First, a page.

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Calculus

Higher order derivativesCalculus

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Order and solutions to differential equations- Home
- Integral Calculus
- Differential Equations

Still Confused?

Try reviewing these fundamentals first.

Calculus

Higher order derivativesCalculus

AntiderivativesCalculus

Order and solutions to differential equationsStill Confused?

Try reviewing these fundamentals first.

Calculus

Higher order derivativesCalculus

AntiderivativesCalculus

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Get Started Now- Intro Lesson1:44
- Lesson: 1a7:00
- Lesson: 1b14:04
- Lesson: 1c6:24
- Lesson: 1d5:39
- Lesson: 1e4:39
- Lesson: 2a6:58
- Lesson: 2b9:10

Separable of variables is a method we use to find a general solution of a differential equation. The method involves separating all the y variables to the left hand side of the equation, and moving all the x variables to the right side. Afterwards, we integrate both sides of the equation and then isolate for y to find the general solution. If it is too hard to isolate for y, you can leave the answer as it is. We will also be looking at questions about particular solutions. These are solutions which involves finding the value of the constant, when given an initial value.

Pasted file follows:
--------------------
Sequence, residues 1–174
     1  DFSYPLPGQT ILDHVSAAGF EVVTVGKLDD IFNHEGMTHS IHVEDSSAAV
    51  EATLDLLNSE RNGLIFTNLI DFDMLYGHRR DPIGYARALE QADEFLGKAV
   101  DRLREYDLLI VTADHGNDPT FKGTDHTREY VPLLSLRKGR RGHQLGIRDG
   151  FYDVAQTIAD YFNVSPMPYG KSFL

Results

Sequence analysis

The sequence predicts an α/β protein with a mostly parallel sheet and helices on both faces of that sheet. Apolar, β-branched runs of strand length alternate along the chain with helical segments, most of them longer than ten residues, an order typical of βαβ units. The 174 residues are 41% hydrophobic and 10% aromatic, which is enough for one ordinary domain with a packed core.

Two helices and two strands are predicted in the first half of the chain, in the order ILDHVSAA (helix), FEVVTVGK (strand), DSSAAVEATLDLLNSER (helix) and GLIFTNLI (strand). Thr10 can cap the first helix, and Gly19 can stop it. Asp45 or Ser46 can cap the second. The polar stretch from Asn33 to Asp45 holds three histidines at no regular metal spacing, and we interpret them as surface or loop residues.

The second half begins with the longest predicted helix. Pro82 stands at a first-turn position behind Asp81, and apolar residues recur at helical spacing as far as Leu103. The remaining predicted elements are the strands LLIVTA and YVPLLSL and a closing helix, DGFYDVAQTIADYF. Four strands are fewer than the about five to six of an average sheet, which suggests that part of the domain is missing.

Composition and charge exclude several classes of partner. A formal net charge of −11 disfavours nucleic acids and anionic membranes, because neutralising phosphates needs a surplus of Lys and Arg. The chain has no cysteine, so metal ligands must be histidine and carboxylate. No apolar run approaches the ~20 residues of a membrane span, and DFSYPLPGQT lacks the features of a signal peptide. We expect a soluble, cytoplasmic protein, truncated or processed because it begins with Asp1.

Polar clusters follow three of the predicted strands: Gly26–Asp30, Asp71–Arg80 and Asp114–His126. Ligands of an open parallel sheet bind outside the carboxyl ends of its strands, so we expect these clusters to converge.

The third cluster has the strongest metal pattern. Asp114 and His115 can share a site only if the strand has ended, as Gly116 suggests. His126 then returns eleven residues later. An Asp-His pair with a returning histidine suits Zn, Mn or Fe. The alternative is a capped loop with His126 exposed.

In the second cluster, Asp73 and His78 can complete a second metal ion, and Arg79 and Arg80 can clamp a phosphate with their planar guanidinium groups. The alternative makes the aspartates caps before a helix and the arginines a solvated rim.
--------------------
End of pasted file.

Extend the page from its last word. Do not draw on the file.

Basic concepts: Higher order derivatives, Antiderivatives, Order and solutions to differential equations,

A separable differential equation is in the following form:

$f(y)\frac{dy}{dx}=g(x)$

Where:

1. $f(x)$ is a function in terms of $y$.

2. $g(x)$ is a function in terms of $x$.

We want to convert the equation to the following form:

$f(y)dy=g(x)dx$

so that we can integral both sides, and solve for $y$.

$f(y)\frac{dy}{dx}=g(x)$

Where:

1. $f(x)$ is a function in terms of $y$.

2. $g(x)$ is a function in terms of $x$.

We want to convert the equation to the following form:

$f(y)dy=g(x)dx$

so that we can integral both sides, and solve for $y$.

- IntroductionSeparable Equations Overview
- 1.
**Separable Equations without Initial Conditions**

Find the general solution of the following differential equations:a)$\frac{4}{y^3}\frac{dy}{dx}=\frac{1}{x}$b)$\frac{dy}{dx}=(1+e^{-x})(y^2-1)$c)$\frac{dy}{dx}=\frac{(x+2)^2}{x \sin y}$d)$\frac{dy}{dx}=y(3+e^{2x})$e)$\frac{dy}{dx}=\frac{e^x}{y}$ - 2.
**Initial Value Problems**

Solve the following differential equations:a)$\frac{dy}{dx}=xy-x$ subject to $y(0)=2$b)$\frac{dy}{dx}=\frac{x(e^{x^2}+4)}{4y^2}$ subject to $y(0)=1$

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